It’s been a long while since I dragged myself out of bed early in the morning to get somewhere for first light. But on Super Bowl Sunday, I happened to wake up early, looked out the window and saw a bald sky. Normally that would be a deal breaker, but I thought there might be some mist coming off the lake because of the cold weather, so I headed out.
When I arrived at one of my sunrise spots at Jordan Lake, it was a rare occurrence that there was another photographer already set up. I said “Good Morning” to the silhouette in the near darkness, and as is the usual practice, respected his space, and headed a short distance away where the water level revealed a few rocks for a foreground. The rocks also provided a leading line into the frame toward the distant color along the horizon. Luckily, there was a singular rock off to the side that helped balance the frame, because without it, the frame would have been much too heavy on the left side. Unfortunately, there was no mist coming off the water, but there were just a few thin clouds along the horizon to add some interest in the otherwise bald sky. As the sky brightened, some mist seemed to form in the distance on the far shore of the lake, and since that was where the action was, I switched to the 70-300mm to fill the frame with what was happening there, and clicked off five frames for a panorama (below).
By then, the silhouette turned out to be someone I knew! So that made the morning special, in spite of the lackluster light. It’s funny that two of the last three times I’ve gone out to Jordan Lake, I’ve run into another photographer I know.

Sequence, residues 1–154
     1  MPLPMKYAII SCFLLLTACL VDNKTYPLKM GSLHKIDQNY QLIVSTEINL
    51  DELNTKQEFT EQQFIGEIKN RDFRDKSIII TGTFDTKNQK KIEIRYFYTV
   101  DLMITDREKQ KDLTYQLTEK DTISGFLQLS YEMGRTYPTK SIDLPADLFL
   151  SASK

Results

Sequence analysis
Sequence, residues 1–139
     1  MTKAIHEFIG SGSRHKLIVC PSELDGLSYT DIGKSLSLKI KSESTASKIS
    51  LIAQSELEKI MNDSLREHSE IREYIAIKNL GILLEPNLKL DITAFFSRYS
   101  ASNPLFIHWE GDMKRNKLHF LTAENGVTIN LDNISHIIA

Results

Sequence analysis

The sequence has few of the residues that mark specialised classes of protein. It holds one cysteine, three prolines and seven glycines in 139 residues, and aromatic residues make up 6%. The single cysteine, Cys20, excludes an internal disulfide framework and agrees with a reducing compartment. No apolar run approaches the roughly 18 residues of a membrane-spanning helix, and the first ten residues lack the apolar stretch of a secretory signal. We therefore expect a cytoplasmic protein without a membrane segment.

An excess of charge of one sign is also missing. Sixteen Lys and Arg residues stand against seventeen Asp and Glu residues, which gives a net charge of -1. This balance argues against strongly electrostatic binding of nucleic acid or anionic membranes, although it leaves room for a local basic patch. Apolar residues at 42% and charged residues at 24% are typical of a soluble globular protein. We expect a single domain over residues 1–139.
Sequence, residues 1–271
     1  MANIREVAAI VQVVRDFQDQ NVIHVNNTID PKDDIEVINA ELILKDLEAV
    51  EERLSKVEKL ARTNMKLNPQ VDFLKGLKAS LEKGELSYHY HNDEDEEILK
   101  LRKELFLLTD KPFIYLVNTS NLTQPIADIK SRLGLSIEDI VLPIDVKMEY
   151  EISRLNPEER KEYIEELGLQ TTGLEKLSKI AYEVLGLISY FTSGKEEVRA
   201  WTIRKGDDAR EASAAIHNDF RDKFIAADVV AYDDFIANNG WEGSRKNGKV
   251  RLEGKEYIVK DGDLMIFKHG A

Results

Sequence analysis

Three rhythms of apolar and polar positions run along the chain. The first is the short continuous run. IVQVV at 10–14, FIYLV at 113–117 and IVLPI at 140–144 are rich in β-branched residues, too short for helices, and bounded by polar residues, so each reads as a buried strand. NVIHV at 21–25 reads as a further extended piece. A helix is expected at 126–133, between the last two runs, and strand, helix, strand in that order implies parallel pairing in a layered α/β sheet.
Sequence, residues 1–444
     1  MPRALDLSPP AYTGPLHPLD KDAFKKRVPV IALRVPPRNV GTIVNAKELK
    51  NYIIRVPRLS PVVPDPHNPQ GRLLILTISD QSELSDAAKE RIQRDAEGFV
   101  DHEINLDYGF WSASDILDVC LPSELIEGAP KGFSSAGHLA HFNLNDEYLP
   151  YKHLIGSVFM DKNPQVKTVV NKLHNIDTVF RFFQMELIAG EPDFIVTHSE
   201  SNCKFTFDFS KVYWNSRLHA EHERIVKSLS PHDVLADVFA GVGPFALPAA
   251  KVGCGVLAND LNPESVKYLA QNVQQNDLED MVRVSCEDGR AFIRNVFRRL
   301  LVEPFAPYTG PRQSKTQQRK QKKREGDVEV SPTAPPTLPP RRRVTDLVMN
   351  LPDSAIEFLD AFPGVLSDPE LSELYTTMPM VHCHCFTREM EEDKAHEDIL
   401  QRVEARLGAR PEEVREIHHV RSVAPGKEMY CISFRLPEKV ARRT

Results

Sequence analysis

We decided to drive the short distance over to where the fog was at White Oak Marsh, but it had mostly dissipated by the time we arrived. I forced a few frames as the sunlight began to filter into the marsh, but it wasn’t until it reached a bit deeper and lit up some of the trees on the edges of the marsh, that the scene really came alive. Unfortunately, we still faced some difficulty in finding compositions to separate a focal point from the tangle of limbs, branches and the chaos beyond. The only focal point I found was a very young oak still holding onto its autumn leaves in the dappled sunlight; some leaves backlit while others fell in shadow. Because of the warm winter, there were a few trees with some premature spring buds to add some color to the background, but the image is a bit unusual in that the main subject is darker than the brighter background. Generally, the accepted practice is to have the subject brighter in the frame, because our eyes tend to gravitate to things that are brighter. Although contrary, it seems to work in this instance.
Processing was a bit different, too. Blending a few bracketed frames in the HDR software, left the larger trunk on the left side with some highlights that were still blown out. Since all the other highlights seemed reasonable, I then blended the HDR frame with another very dark frame on a separate layer in Photoshop, using only the bright trunk edge from the very dark frame, and masking out all the rest. Additionally, back in Lightroom, to increase the sense of separation, I used split-toning to saturate the shadows with a blue tint (enter 225 as the color in Lightroom’s split-toning box). That is always a good method to use in order to increase the illusion of depth, because cool colors recede while warm tones come forward. Ultimately, it was the light that really gave the image its strength, in combination with the colors and depth that spelled success. Without the light, it would have lacked much color at all, and been very flat… an image that in all likelihood, would never have been taken to begin with.